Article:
We must stand shoulder to shoulder with those who need us most. Not just because it is in our national interest, but because it is the right thing to do.
Posts Tagged: International development
Plus: Don’t force MPs who are sick or shielding back to Parliament, Jacob. And: let’s divert aid money to seek a vaccine.
Neil O’Brien: Salvaging the economy. Could we just live with more borrowing for a bit? Maybe, maybe not.
Hopefully it will be crisis averted, and we’ll have a bit more time to fix the hole. But sooner or later, difficult choices on tax and spending are coming.
Let’s use ever-increasing intelligence – and stop the flow of dirty money out of poor countries.
I was delighted to see your appointment. I confess to slight bias, given that you retweeted an article of mine calling for an end to ring-fencing of the aid budget.
Africa is home to 16 per cent of the world’s population, and this is set to double by 2050. Its GDP is expected to reach $3.2 trillion in the next five years.
Edward Parson: Keep the International Development Department. But scrap the 0.7 per cent aid target.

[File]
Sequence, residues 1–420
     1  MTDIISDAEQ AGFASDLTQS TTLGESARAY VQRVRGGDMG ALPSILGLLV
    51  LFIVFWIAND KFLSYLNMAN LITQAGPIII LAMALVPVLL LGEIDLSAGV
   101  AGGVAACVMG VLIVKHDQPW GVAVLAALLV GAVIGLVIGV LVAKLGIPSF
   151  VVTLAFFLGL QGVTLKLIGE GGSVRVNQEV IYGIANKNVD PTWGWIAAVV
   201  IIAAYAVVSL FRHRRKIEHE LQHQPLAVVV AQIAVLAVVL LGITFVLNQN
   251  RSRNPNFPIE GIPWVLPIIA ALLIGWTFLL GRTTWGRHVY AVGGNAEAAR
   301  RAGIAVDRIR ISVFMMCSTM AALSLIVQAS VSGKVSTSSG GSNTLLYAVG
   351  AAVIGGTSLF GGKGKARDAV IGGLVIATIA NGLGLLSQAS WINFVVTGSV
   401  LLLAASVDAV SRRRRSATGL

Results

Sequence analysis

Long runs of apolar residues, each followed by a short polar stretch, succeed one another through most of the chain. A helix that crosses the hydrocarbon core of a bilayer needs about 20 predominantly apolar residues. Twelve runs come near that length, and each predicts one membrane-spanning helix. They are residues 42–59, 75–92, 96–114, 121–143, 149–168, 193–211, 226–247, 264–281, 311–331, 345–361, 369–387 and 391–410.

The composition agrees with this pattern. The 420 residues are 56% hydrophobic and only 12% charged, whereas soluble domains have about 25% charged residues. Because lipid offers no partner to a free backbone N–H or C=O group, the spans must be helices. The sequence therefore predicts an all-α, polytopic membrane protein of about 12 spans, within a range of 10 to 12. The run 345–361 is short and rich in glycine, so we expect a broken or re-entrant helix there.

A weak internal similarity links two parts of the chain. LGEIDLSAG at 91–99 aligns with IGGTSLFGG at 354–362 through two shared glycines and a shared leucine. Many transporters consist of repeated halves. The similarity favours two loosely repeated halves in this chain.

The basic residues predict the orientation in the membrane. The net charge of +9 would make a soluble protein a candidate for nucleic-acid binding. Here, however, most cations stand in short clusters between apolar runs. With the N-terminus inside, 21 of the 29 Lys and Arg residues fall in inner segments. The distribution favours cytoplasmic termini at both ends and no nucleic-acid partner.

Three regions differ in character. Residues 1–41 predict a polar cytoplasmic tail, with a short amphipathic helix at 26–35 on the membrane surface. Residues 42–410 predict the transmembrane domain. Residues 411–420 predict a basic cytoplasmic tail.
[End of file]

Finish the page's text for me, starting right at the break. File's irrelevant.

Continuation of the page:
DFID managed its portfolio with far greater efficiency than the Foreign Office. But it should improve how it aligns traditional aid objectives with Britain’s goals.
Tom Tugendhat: The three foreign policy actions that Johnson should take now that he has this huge majority
For the first time in decades the levers of British influence – defence, diplomacy, aid and trade – could sit alongside domestic efforts in education and infrastructure.
A separate department was right for the stable, hopeful 1990s. But the years have presented various challenges for which it is less well-suited.
Don’t expect Downing Street to bother too much about what MPs or the media think as it prepares to shake up government and Whitehall.
We should measure the success of our aid programmes by the good we achieve, not simply by the amount of money we spend.
Patrick Spencer: Some advice for the new Conservative leader. Stick to these three ideas to boost productivity.
The new Chancellor should stick to the basics of cutting taxes, spending more on education and rebalancing growth outside of London.
Iain Mansfield: Brexit by October 31. Stop using the Left’s language. And stand for skilled workers. Essentials for our next Prime Minister.
Which candidate can devise and push through the policies needed to unite the Tory shires with the Leave voters of the north?
He is the only candidate who can further the work of the project to which Esther McVey and I are so committed.
Stephen Crabb and Desmond Swayne: The next Prime Minister must uphold Britain’s commitment to overseas aid
It’s so much more than charity: it bolsters our diplomacy and nurtures trading partners and military allies around the world.